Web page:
64° wxIcon
Hi: 77° Lo: 59°
Feels Like: 64°
Comfortable weekend with a few spotty showers & t'showers...
WLFI Temps
WLFI Planner

Indiana Coronavirus Cases

Data is updated nightly.

Cases: 771299

Reported Deaths: 14005
CountyCasesDeaths
Marion1059471808
Lake570611031
Allen43193700
Hamilton37458426
St. Joseph37420568
Elkhart29819471
Tippecanoe23584231
Vanderburgh23431405
Porter19616327
Johnson18899394
Hendricks18168323
Clark13623199
Madison13604348
Vigo12908256
Monroe12626178
LaPorte12594225
Delaware11183198
Howard10747237
Kosciusko9810124
Hancock8799150
Bartholomew8296157
Warrick8150157
Floyd8072183
Grant7397181
Wayne7254201
Boone7236105
Morgan6948143
Marshall6358117
Dubois6301118
Cass6110112
Dearborn604078
Noble603590
Henry5971111
Jackson518677
Shelby512898
Lawrence4961127
Gibson467296
Montgomery461392
Clinton458455
DeKalb458485
Harrison456977
Huntington421382
Whitley418645
Steuben412861
Miami407273
Jasper402556
Knox393191
Putnam386862
Wabash371684
Adams355356
Ripley352771
Jefferson347187
White340954
Daviess3098100
Wells304881
Greene295985
Decatur293493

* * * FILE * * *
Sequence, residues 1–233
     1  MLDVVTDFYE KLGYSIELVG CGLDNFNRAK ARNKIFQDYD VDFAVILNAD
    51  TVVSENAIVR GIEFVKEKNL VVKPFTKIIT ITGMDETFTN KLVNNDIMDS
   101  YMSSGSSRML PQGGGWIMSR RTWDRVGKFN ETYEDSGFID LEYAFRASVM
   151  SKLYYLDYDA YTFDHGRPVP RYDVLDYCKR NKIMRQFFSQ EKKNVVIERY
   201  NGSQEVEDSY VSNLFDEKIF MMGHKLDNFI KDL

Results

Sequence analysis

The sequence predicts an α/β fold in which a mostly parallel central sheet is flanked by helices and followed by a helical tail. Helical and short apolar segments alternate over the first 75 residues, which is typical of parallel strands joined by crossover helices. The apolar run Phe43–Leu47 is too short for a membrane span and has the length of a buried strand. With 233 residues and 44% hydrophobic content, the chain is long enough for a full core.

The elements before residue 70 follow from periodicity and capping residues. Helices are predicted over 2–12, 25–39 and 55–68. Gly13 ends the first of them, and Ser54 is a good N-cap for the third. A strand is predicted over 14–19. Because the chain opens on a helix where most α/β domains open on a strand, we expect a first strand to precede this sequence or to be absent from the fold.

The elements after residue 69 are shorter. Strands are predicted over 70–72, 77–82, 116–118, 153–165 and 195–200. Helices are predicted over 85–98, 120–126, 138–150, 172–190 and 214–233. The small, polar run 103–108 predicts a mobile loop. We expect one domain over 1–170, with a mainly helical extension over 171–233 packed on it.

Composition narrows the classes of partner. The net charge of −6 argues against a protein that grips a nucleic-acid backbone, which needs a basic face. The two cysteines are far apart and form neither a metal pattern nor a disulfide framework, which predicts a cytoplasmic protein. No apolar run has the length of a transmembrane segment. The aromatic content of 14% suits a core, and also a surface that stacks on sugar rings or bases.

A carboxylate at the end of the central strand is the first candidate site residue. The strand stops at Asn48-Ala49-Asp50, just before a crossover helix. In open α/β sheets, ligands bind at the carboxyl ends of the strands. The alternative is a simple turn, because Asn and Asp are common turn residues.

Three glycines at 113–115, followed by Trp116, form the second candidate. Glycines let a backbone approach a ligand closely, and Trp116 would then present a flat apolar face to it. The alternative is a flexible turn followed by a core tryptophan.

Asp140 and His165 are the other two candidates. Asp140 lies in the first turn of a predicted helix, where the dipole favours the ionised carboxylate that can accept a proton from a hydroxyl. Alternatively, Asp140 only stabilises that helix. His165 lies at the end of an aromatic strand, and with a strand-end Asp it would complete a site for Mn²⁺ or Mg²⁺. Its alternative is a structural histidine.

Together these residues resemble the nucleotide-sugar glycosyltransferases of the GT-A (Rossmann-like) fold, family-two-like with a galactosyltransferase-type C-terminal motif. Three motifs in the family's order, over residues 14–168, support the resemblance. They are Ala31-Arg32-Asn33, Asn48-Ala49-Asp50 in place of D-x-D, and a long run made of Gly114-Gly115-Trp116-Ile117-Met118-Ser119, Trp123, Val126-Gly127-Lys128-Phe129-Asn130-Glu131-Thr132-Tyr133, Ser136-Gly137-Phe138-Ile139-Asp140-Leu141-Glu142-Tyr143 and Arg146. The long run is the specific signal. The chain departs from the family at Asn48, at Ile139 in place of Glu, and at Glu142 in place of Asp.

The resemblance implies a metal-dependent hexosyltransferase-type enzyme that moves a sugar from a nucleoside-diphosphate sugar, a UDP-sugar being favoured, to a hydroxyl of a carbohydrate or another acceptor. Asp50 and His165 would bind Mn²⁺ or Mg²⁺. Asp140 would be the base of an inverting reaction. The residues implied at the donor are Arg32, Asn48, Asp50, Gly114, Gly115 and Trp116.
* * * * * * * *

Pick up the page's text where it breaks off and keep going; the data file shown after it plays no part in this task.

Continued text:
Fayette287464
Posey285435
Scott283458
LaGrange278472
Clay276049
Washington255637
Randolph248283
Jennings240449
Spencer239731
Fountain237250
Starke230859
Owen224759
Sullivan222943
Fulton209545
Jay203432
Carroll198822
Orange192756
Perry191939
Vermillion181944
Rush178627
Tipton173848
Franklin173035
Parke156816
Pike143434
Blackford138232
Pulaski124048
Newton123736
Benton110515
Brown106443
Crawford106316
Martin92715
Warren88015
Switzerland8488
Union73710
Ohio58411
Unassigned0429

COVID-19 Important links and resources

As the spread of COVID-19, or as it's more commonly known as the coronavirus continues, this page will serve as your one-stop for the resources you need to stay informed and to keep you and your family safe. CLICK HERE

Closings related to the prevention of the COVID-19 can be found on our Closings page.

Community Events